The other benefit to his approach is that it allows the movie to have a real ending, which is often the biggest hurdle for these things as there's not much you can do once there's no one left to hold the camera. The last cam scene is probably 15-20 minutes before the end credits begin to roll, which not only keeps the pacing tighter than you'd normally get but keeps the focus on our heroine (Charlotte Riley), allowing her to be on-screen as opposed to just a voice behind a camera. But with the setup, Stone is free to use the POV gag when it actually makes sense to do so, and it baffles me that I see so few of these "best of both world" movies. Lovely Molly (incidentally FROM one of the Blair Witch guys, Eduardo Sanchez) is an even better example - it's traditionally shot except for when Molly picks up a camera for a few extended sequences that provide scares AND some answers as to what is going on. Again, it takes skill to pull off, because you run the risk of confusing the audience (if they care enough to think about it) and also have to know when to use it and when to hold back, which can probably increase production planning, but if the results are solid (as they are for these two films), then it's worth it, no?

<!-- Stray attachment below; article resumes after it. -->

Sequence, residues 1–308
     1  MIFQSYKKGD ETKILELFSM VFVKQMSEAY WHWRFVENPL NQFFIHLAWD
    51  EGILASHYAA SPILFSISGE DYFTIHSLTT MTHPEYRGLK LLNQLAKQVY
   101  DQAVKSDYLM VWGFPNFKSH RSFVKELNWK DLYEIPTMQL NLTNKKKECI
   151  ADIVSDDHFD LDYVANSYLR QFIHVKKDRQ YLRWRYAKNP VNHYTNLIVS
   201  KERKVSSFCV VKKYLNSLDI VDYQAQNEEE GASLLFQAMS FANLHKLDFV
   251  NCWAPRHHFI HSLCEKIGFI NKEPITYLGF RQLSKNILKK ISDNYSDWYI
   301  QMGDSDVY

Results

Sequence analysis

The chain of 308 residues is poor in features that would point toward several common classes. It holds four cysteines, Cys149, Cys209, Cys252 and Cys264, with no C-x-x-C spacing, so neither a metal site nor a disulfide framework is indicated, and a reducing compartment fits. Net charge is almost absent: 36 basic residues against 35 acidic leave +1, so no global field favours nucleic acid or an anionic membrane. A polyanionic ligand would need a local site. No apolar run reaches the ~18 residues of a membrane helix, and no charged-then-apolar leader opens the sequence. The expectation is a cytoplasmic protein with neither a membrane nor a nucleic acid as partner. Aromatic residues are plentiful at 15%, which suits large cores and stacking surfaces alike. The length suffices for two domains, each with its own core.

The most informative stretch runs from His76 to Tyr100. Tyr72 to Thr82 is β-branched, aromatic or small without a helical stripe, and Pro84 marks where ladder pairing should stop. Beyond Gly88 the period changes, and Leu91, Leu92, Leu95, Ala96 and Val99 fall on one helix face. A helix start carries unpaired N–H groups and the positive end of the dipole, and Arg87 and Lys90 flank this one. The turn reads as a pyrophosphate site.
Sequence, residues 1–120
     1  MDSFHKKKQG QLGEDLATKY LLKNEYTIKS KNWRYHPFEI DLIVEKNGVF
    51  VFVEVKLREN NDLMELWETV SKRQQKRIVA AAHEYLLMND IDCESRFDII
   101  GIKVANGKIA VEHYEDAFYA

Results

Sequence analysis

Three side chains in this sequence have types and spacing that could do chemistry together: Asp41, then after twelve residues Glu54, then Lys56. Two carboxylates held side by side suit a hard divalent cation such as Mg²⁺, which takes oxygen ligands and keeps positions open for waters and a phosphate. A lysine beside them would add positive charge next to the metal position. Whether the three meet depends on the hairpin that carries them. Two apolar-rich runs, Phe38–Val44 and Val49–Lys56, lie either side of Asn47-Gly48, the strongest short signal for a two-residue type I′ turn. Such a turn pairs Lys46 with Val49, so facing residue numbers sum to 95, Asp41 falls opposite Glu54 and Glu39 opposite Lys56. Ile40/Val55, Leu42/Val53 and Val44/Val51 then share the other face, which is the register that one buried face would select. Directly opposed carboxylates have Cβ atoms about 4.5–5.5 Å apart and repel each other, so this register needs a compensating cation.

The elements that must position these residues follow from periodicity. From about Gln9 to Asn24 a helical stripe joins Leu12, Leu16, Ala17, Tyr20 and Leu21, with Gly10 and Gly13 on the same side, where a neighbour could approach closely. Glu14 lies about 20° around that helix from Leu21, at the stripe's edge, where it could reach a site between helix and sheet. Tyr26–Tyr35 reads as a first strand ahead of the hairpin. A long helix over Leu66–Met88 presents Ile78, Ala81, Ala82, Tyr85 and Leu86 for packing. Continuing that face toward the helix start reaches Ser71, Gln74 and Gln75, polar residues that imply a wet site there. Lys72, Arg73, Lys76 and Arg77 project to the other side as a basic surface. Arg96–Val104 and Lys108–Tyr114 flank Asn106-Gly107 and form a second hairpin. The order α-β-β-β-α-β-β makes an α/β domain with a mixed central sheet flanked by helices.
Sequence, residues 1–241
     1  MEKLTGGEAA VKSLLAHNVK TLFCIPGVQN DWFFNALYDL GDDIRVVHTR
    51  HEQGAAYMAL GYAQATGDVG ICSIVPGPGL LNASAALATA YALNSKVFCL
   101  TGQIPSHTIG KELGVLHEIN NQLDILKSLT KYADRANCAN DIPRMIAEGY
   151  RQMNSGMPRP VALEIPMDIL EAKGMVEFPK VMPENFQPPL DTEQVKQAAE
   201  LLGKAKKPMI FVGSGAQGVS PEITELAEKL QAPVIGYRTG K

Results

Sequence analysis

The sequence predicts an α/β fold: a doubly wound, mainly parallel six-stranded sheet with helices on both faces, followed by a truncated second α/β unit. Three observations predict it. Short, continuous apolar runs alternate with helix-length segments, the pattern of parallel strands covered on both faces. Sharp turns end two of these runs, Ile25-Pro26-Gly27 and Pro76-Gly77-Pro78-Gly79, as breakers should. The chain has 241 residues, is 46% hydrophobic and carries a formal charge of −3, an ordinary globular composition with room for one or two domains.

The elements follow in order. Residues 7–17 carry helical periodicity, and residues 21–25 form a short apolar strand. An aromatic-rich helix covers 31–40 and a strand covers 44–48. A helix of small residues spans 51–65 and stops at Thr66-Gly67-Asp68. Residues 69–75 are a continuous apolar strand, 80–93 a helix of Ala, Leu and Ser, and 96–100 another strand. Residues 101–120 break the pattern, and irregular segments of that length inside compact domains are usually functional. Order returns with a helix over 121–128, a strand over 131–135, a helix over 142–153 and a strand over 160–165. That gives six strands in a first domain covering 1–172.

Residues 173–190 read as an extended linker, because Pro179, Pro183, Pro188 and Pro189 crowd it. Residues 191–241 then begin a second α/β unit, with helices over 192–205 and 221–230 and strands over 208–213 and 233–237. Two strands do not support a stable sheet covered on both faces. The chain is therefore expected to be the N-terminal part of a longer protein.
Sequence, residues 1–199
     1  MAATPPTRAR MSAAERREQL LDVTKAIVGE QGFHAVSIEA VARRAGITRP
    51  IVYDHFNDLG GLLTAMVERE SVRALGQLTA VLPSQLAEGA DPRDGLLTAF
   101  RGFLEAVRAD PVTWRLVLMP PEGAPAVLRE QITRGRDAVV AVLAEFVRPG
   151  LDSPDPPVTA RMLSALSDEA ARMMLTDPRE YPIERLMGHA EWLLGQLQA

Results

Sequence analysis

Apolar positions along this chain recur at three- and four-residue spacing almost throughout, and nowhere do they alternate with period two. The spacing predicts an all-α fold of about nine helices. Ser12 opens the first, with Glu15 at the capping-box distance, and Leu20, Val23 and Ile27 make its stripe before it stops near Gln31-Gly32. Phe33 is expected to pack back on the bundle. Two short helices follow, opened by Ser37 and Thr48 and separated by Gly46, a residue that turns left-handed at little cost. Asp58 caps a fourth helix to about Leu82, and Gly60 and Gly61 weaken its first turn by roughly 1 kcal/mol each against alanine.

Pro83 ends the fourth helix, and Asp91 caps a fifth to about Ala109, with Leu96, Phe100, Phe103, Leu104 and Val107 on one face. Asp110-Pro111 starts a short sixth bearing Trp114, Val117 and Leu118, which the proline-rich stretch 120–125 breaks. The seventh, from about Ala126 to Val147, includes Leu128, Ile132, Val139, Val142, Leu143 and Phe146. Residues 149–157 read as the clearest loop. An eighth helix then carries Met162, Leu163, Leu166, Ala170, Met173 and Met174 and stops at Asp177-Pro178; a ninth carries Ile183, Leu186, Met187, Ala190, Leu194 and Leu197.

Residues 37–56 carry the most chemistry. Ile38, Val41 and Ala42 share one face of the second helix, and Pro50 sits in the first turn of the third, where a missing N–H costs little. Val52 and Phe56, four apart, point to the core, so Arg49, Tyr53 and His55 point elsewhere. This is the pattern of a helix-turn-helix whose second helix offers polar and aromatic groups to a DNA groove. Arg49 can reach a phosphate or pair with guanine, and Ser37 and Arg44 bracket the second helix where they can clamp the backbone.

But, it's the big thing these days, and I have to remember that most folks don't see all the DTV/indie ones I found while hunting down stuff to watch every day. So it's no surprise that the trailer highlights the POV scenes and has text like "A paranormal investigation...", which will attract those who are actually not yet sick of the Paranormal Activity movies who find themselves dead smack in between new entries right now and thus will need a fix. It certainly offers those type of thrills and will make for a fine VOD rental (at night! This is a slow burn creepout one along the lines of Session 9 and thus demands an appropriate setting), but it's more than that - don't be turned off by its found footage-ness! It's a real movie!

P.S. Some irony - one of the first "found footage" movies was Cannibal Holocaust, and that one ALSO opted to split the difference between someone's footage and traditional filmmaking. In 30+ years, you can seemingly still count the number of horror films that "copied" their approach on one hand.